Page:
One of Colorado College’s music clubs, the SOCC, has had a long partnership with KRCC, a local NPR broadcasting radio station. The club has had a partnership with KRCC since the SOCC was founded. KRCC provided funding and support, but their new manager has dissolved all ties with the SOCC, saying that there is not enough funding to keep supporting the club.
KRCC has decided to separate from the SOCC, cutting the budget and withdrawing all of the funding that they have been giving for the past couple of years. The leaders of the SOCC have had to turn to CC in hopes of negotiating future funding and support.
“We don’t really know who to go to, because as long as I have been involved with the SOCC, we have had that relationship with them [KRCC], and they have been a part of us,” said junior Eboni Statham, who is general manager of the SOCC.
Junior Erin Sugarman, the SOCC website manager said, “The fact that they have separated completely and there are no remaining ties between us is pretty uncomfortable.”
The SOCC has to apply for money for next year from the school and the leaders have many concerns about the stability and the future of the club. Recently, the SOCC has expanded quite a bit and the cuts to funding may staunch growth in its future.
“This year has been a huge turning point and we are actually really doing a lot of cool and impressive things and have really expanded our presence on campus and the fact that we might have to dial that back is disheartening,” said Sugarman.
One of the SOCC’s projects this year has been creating an arsenal of rental music equipment (such as mics, amps, etc.) that student bands can rent and use. This has been vital to the growth of many student bands, since music equipment is very costly and not every band can afford to have their own.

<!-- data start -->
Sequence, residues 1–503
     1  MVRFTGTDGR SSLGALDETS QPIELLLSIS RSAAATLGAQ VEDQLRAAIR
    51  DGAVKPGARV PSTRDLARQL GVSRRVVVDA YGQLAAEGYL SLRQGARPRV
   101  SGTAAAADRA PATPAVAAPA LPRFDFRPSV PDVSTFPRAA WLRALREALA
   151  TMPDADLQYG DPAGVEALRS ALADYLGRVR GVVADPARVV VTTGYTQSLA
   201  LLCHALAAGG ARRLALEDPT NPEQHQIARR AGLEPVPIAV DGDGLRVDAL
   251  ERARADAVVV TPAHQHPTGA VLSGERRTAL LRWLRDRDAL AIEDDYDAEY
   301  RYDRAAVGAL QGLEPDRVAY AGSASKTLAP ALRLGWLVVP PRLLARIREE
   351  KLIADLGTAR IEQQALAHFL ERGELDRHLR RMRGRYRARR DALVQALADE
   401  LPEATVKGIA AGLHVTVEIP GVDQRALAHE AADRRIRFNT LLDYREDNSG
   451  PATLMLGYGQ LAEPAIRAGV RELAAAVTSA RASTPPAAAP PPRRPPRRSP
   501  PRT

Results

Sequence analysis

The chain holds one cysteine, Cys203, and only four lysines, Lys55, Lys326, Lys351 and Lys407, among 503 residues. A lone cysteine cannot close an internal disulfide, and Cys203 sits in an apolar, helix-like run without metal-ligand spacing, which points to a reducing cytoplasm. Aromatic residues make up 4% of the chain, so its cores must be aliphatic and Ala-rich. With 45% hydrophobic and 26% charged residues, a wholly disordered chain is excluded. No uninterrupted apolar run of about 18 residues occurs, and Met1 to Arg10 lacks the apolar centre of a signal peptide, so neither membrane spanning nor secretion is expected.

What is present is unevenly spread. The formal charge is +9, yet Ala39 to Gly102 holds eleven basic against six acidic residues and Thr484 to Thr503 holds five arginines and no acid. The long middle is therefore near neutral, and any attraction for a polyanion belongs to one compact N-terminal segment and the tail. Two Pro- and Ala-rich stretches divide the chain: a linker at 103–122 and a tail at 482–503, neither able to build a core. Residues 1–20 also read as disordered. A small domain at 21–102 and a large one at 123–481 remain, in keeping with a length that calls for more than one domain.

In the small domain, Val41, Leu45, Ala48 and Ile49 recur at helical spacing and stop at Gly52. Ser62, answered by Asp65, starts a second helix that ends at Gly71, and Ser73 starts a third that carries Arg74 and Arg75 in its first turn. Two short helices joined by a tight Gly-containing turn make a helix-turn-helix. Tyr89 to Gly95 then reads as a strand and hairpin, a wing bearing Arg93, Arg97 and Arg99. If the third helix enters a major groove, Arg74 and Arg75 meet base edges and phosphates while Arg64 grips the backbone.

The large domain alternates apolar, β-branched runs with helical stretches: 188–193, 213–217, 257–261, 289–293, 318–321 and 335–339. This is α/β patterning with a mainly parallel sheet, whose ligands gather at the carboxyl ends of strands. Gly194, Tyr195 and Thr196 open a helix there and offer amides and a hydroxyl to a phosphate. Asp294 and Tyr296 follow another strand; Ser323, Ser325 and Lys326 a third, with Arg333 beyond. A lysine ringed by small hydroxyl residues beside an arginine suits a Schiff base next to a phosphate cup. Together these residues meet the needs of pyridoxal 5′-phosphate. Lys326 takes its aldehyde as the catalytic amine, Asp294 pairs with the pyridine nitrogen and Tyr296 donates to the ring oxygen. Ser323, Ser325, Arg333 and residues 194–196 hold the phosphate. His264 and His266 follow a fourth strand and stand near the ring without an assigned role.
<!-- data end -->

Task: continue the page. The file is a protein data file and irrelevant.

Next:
Another project that started this year has been recording students’ music and then putting those videos and recordings online and giving them to the musicians, who can then distribute the videos to potential employers who want to hear their music.
“We have been really trying to partner more with student bands, and support them,” said Statham.
In addition to supporting student bands, the SOCC organizes almost all music-related campus events. One of their big events was Battle of the Bands, which was enjoyed by a huge percentage of the student body.
“We participate in almost every music event on campus and if that can no longer happen it’s gonna be really questionable for the future in terms of what music is gonna look like on campus,” said Sugarman.
The SOCC also works to unite CC students, staff, and the broader Colorado Springs community.
“We try to involve a lot of staff and students and people from outside CC. We try to incorporate people from all over campus and in the community, so it’s not just students. Which I think is one of the biggest things that the SOCC does; how valuable it is to all different types of people…That’s probably the most upsetting thing for me, if the SOCC were to get all of its funding cut, then we wouldn’t be able to provide that [musical community] for people, and I think that the school would really lose a valuable asset,” said Sugarman.